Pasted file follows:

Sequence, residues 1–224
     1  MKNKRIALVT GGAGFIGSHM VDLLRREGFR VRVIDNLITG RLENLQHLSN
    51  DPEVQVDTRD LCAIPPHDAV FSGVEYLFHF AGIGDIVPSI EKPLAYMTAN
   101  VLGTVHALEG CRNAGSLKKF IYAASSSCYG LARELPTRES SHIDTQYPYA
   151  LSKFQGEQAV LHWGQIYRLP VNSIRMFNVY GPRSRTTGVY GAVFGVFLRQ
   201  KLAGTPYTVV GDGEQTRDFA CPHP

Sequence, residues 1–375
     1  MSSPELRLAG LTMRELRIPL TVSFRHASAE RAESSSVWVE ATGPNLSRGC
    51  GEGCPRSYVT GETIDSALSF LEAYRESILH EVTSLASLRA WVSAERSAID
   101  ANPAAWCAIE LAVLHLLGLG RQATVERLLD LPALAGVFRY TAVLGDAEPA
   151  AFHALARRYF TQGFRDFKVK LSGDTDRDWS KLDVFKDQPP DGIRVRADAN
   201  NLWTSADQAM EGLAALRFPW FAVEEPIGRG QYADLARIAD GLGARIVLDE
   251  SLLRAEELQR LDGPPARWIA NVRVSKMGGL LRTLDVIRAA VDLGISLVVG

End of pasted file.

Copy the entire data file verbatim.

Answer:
Sequence, residues 1–224
     1  MKNKRIALVT GGAGFIGSHM VDLLRREGFR VRVIDNLITG RLENLQHLSN
    51  DPEVQVDTRD LCAIPPHDAV FSGVEYLFHF AGIGDIVPSI EKPLAYMTAN
   101  VLGTVHALEG CRNAGSLKKF IYAASSSCYG LARELPTRES SHIDTQYPYA
   151  LSKFQGEQAV LHWGQIYRLP VNSIRMFNVY GPRSRTTGVY GAVFGVFLRQ
   201  KLAGTPYTVV GDGEQTRDFA CPHP

Sequence, residues 1–375
     1  MSSPELRLAG LTMRELRIPL TVSFRHASAE RAESSSVWVE ATGPNLSRGC
    51  GEGCPRSYVT GETIDSALSF LEAYRESILH EVTSLASLRA WVSAERSAID
   101  ANPAAWCAIE LAVLHLLGLG RQATVERLLD LPALAGVFRY TAVLGDAEPA
   151  AFHALARRYF TQGFRDFKVK LSGDTDRDWS KLDVFKDQPP DGIRVRADAN
   201  NLWTSADQAM EGLAALRFPW FAVEEPIGRG QYADLARIAD GLGARIVLDE
   251  SLLRAEELQR LDGPPARWIA NVRVSKMGGL LRTLDVIRAA VDLGISLVVG